62

Pierre Biedermann

Principal Environment Advisor, EBRD

Climate resilience

52

Irene Giner-Reichl

Executive Director, Global Forum for Sustainable Energy

Future energy mix

47

Giulio Boccaletti

Development vs sustainability

43

A.B.Giri

CEO, HindustanElectricPowerLimited

Project and financial structuring

56

Anne Bolle

Global Managing Director for Water,


The Nature Conservancy
Senior Climate Advisor, Statkraft

Macroeconomics

63

Marc Goichot

Programme Advisor, WWF

Sediment management

58

Emmanuel Branche

Senior Economist Engineer, EDF

Macroeconomics

63

Jakob Granit

Director, Stockholm Environment Institute

Water-energy nexus

42

Benedito Braga

President, World Water Council

Waterenergy nexus

42

Radha Gyawali

Minister of Energy, Nepal

Asia

54

Marco Braun

Hydroclimatology Specialist, OURANOS Consortium

Climate resilience

52

Atle Harby

Greenhouse gas emissions and water quality

44

Jin-Yong Cai

Executive Vice President and CEO, IFC

Opening ceremony: international cooperation

36

Director, Centre for Environmental Design of Renewable


Energy (CEDREN)
Minister of Energy and Hydrocarbons, Madagascar

Africa

38

Pablo Cardinale

Sustainability performance

68

Asia

54

Early stage sustainability

62

Project and financial structuring

56

Connectivity for aquatic species

46

Chen Houqun

Principal Specialist, Environmental, Social & Governance,


International Finance Corporation
Programme Manager, State Secretariat for Economic
Affairs of Switzerland
Manager, Representative Office for Southern and Eastern
Africa, China Exim Bank
Head, Yangtze River Fisheries Research Institute, China
Three Gorges Corporation
Executive Member of the Council, CHINCOLD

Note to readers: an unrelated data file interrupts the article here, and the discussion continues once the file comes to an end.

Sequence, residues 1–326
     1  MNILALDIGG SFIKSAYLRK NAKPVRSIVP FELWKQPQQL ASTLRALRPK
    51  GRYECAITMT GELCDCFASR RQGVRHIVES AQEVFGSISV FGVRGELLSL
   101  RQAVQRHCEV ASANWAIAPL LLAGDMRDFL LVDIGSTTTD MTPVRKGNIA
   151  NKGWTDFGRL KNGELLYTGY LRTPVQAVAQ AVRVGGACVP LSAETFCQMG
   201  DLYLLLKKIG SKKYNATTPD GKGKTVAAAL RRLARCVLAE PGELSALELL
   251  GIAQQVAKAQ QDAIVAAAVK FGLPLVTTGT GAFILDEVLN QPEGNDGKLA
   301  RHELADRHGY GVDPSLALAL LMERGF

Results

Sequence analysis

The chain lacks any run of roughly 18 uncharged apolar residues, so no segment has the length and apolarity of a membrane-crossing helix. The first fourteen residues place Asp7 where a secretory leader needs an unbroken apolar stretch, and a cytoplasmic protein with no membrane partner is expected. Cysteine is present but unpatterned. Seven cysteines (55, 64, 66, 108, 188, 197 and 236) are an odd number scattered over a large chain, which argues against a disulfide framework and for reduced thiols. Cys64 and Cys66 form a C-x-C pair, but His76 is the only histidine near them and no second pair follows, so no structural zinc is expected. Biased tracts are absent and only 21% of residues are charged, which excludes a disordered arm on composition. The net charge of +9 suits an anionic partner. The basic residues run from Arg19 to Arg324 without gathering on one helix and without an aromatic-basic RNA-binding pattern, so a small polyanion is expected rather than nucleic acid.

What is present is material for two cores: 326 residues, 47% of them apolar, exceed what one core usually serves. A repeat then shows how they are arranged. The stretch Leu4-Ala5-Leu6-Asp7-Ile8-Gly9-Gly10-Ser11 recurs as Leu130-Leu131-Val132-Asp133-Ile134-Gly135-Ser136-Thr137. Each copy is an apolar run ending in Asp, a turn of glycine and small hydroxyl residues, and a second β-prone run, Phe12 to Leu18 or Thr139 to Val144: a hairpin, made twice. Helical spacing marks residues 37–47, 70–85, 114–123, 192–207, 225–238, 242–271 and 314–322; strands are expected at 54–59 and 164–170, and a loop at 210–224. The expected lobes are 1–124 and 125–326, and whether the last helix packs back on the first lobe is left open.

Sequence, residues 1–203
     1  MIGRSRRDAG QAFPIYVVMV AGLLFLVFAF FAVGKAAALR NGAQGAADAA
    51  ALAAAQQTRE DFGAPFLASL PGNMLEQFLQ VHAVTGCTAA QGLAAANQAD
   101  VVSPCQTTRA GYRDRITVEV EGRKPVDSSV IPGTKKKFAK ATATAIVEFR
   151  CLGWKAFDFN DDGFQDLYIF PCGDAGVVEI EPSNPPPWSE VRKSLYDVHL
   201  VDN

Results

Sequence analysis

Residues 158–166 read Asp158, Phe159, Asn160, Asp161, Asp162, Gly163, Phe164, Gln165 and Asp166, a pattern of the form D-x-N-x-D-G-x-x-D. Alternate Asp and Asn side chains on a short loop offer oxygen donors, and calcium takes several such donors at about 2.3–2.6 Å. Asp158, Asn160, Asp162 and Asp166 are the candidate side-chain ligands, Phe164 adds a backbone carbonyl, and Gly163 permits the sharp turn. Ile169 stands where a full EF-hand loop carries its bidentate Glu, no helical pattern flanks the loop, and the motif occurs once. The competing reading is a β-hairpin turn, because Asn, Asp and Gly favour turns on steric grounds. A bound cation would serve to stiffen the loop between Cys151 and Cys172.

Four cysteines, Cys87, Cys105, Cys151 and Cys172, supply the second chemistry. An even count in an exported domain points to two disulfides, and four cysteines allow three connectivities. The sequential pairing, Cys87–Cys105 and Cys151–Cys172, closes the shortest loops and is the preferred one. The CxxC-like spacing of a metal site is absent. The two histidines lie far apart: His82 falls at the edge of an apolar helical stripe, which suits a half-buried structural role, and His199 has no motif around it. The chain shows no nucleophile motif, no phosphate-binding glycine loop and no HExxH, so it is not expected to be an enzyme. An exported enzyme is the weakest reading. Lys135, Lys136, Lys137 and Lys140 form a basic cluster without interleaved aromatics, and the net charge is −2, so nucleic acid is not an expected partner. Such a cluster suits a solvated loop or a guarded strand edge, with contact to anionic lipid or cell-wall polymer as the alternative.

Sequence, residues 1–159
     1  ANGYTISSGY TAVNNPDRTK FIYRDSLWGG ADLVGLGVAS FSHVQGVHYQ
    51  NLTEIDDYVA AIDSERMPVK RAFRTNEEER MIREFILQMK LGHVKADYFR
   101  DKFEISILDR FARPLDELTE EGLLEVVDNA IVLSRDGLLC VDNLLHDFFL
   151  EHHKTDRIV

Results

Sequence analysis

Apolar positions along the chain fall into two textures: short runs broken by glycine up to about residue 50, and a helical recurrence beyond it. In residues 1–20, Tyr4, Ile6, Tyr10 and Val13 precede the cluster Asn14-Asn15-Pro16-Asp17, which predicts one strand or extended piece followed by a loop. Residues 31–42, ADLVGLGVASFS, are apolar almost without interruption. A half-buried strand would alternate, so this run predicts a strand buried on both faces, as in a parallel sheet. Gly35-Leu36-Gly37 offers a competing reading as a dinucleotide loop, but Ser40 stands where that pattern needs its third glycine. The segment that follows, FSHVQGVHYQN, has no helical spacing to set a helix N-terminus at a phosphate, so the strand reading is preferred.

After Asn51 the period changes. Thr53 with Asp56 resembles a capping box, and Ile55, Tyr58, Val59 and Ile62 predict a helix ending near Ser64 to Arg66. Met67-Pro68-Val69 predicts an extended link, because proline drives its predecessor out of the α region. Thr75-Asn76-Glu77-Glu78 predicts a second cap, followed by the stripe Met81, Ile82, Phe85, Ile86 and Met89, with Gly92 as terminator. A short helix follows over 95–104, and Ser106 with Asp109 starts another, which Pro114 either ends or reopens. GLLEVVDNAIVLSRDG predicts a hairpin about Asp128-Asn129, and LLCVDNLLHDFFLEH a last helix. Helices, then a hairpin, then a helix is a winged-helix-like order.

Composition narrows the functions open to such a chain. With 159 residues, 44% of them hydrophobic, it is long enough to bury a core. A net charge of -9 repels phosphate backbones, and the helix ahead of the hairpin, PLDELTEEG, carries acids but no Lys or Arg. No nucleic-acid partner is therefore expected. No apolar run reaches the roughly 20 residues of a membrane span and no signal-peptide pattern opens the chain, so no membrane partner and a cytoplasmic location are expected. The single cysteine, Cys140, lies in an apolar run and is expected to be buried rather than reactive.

Hydropower safety

50

Tammy Chu

Managing Director, Entura

Climate resilience

52

Colin Clark

Chief Technical Officer, Brookfield Renewable Energy

Macroeconomics

63

Susan Ct-Freeman

Head, Business Integrity Programme, Transparency


International
Director of Planning and Control, Tractebel Energia

Good corporate governance

60

Hydropower investment

64

Mattia Celio
Chai Jun
Chen Daqing

Edson Luiz Da Silva


James Dalton

Development vs sustainability

43

Stephen Davy

Coordinator of Global Initiatives, International Union for


the Conservation of Nature Water Project
CEO, Hydro Tasmania

Good corporate governance

60

Jean-Michel Devernay

Honorary Member, International Hydropower Association

Conservation

59

Keshab Dhoj Adhikari

Joint Secretary, Ministry of Energy, Nepal

Asia

54

Ding Yanzhang

General Manager, China Energy and Electricity


Construction Group (CEEC)

Opening ceremony: focus on China

34

70

World Hydropower Congress Programme | Beijing, 19-21 May 2015

Thais Ferraz Soares

Dolf Gielen

Gatien Horace
Maw Thar Htwe

Modernisation

48

Elham Ibrahim

Deputy Minister for Ministry of Electric Power,


the Republic of the Union of Myanmar
Vice Manager of Engineering Monitoring Technology
Division, NARI Group Corporation
African Union Commissioner for Energy and Infrastructure

Africa

38

Jacob Irving

President, Canadian Hydropower Association

2050 by 2050

40

Jia Jinsheng

Opening ceremony: focus on China

34

John Abdulai Jinapor

Vice President, China Institute of Water Resources and


Hydropower Research
Deputy Minister of Power, Ghana

Africa

38

Pravin Karki

Senior Hydropower Specialist, World Bank

Sediment management

58

Min Khaing

Regional development

66

Sami Khan

Director, Department of Hydropower Implementation,


Myanmar
IHA Young Researcher of the Year 2015

Modernisation

48

Waqar Ahmad Khan

CEO, Star Hydro Power Limited

Good corporate governance

60

Rasim Khaziahmetov

Director of Technology Policy, JSC RusHydro

Hydropower safety

50

Vyacheslav Kravchenko